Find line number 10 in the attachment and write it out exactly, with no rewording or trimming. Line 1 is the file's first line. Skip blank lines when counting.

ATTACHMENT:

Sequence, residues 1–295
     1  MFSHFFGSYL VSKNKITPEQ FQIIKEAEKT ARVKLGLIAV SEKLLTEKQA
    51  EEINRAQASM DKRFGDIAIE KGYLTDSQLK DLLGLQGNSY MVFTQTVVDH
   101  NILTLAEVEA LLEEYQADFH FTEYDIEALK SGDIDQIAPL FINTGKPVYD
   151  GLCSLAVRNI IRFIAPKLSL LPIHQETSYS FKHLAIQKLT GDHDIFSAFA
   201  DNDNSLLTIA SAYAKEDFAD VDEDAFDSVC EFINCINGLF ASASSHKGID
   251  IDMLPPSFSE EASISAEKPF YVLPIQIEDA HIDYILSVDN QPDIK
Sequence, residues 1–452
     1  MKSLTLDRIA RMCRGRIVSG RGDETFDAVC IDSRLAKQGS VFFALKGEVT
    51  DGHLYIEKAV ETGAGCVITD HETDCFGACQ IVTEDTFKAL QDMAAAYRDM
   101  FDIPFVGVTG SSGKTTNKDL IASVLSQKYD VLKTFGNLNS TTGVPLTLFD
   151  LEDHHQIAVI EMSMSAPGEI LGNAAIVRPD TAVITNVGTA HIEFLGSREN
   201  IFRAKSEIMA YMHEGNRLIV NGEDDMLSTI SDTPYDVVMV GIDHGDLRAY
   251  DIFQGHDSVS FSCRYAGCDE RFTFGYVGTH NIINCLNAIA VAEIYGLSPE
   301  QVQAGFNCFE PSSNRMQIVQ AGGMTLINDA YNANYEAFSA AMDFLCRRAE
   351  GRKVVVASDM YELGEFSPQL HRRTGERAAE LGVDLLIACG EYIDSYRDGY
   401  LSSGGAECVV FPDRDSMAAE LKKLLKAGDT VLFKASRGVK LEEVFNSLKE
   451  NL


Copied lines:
    51  DGHLYIEKAV ETGAGCVITD HETDCFGACQ IVTEDTFKAL QDMAAAYRDM